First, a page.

This leads me to my third point. In situations where monetary policy might face a short-term trade-off between adverse developments in real activity and deviations from price stability, the over-riding priority accorded to countering the latter must be made absolutely clear. Any ambiguity on this point will simply endanger the credibility, and therefore the effectiveness, of the monetary policy response. This does not mean that the policy action must be draconian. The medium-term orientation of the Eurosystem's monetary policy strategy permits a gradualist and measured response to previously unforeseen threats to price stability, should this be regarded as appropriate, depending on the nature of the threat. Such gradualism may help to avoid the introduction of unnecessary uncertainty into the real economy.
Recognition and an understanding of these three central points are essential for the implementation of a successful monetary policy. Communicating both the objective and the limitations of monetary policy to the public is a vital issue to which I will return later in my remarks.
But it would be remiss at this point if I did not address what is surely the greatest economic challenge facing the euro area at present, namely the unacceptably high level of unemployment. There is a broad consensus that unemployment in the euro area is overwhelmingly structural in nature. Monetary policy cannot solve this problem. National governments bear the main responsibility for structural economic reforms. In particular, further reforms of the tax and welfare systems are required in many EU countries in order to increase the incentives to create new jobs and to accept them. Wage moderation can also have a significant beneficial impact. Monetary policy makes its best supportive contribution by providing the environment of price stability in which structural reforms can work most effectively.
It should be recognised that the implementation of EMU has made it even more urgent to improve the flexibility of labour and goods markets. In this context, it would very likely be the wrong answer if governments were to try to create a "social union", harmonising social security systems and standards at a very high level. The ECB will continue to cajole governments into implementing necessary and long overdue reforms, but the final hard decisions - and I acknowledge that they are hard decisions, since the considerable benefits of structural reform often only become apparent with time - lie with the national authorities. In those countries where appropriate structural reforms have been implemented and wage growth has been moderate, unemployment is either low by euro area standards or is falling more rapidly. These experiences offer important lessons for other countries in the euro area. Fortunately, a broader awareness of the necessity of structural reforms recently seems to be emerging in Europe. Of course, ultimately only sustained action will count. The cyclical recovery that is underway is no substitute for such action.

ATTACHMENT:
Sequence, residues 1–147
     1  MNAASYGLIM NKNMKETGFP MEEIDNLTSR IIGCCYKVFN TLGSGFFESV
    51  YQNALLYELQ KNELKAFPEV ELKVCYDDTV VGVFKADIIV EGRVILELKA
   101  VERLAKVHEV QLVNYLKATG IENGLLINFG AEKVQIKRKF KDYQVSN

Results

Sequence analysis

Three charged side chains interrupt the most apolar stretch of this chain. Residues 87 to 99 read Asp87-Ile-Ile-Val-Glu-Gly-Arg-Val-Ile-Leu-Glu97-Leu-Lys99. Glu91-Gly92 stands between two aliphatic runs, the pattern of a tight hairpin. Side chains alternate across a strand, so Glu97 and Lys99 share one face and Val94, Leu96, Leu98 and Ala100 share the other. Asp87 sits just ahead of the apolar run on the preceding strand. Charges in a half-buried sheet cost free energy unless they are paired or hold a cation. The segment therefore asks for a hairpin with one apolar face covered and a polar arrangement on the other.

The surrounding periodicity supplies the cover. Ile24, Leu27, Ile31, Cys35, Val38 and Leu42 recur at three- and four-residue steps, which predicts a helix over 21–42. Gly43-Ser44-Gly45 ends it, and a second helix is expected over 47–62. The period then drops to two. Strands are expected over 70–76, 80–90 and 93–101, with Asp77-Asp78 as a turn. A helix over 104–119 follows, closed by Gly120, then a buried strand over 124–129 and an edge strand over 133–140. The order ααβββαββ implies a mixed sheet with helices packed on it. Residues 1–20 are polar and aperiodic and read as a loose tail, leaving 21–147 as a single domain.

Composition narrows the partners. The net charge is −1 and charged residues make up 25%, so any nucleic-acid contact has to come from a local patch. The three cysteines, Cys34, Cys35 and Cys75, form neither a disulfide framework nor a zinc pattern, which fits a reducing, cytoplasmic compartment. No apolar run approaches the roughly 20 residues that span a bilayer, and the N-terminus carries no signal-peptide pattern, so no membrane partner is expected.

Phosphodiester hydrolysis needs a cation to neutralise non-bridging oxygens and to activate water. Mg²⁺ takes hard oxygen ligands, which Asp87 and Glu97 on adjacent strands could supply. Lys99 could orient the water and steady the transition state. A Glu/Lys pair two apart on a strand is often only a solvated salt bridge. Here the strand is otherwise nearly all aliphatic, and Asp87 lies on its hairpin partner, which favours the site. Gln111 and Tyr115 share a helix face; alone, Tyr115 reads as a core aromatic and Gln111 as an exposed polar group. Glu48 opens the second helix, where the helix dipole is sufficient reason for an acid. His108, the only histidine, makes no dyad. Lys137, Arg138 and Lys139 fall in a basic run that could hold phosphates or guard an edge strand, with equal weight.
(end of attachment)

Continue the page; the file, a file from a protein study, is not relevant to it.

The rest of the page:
Thus far, I have largely discussed the goal of the single monetary policy. How is this goal to be achieved? At the heart of the answer to this question is the Eurosystem's monetary policy strategy. The strategy has two closely related aspects. First, the strategy must structure the monetary policy-making process in such a way that the Governing Council of the ECB is presented with the information and analysis required to take appropriate monetary policy decisions. Second, the strategy must ensure that policy decisions, including the economic rationale on which they are based, can be presented in a clear and coherent way to the public. The communication policy as part of the strategy obviously has to be consistent with the structure of the internal decision-making process.
In designing the Eurosystem's strategy, the Governing Council of the ECB recognised the new circumstances faced by monetary policy in the euro area. Where there were previously eleven open, generally small economies, there is now one large, relatively closed single currency area. The challenges implied by this transformation in the landscape of monetary policy are profound.
Relatively little is known as yet about the transmission mechanism of monetary policy in the euro area after the transition to Monetary Union. One important challenge for the Eurosystem is to obtain a better knowledge of the structure and functioning of the euro area economy and the transmission mechanism of monetary policy within it, so that policy actions can be implemented accordingly. Together with experts in the national central banks, the ECB has embarked on an intensive programme of analysis and research into these issues.
One obvious problem related to the fact that the euro area did not exist as a single currency area in the past regards the availability of statistical data. Compared with national central banks, we do not have the same amount of long historical time series of monetary and economic indicators, based on harmonised statistical concepts, at our disposal. However, we have already developed quite reliable estimates for a number of these historical series, and the quality and availability of current statistics on the euro area has increased significantly over the last few quarters, for example in the areas of money and banking and balance of payments statistics, but also across a wide range of economic statistics. This process of improving the quality and the availability of statistical data covering the euro area will continue.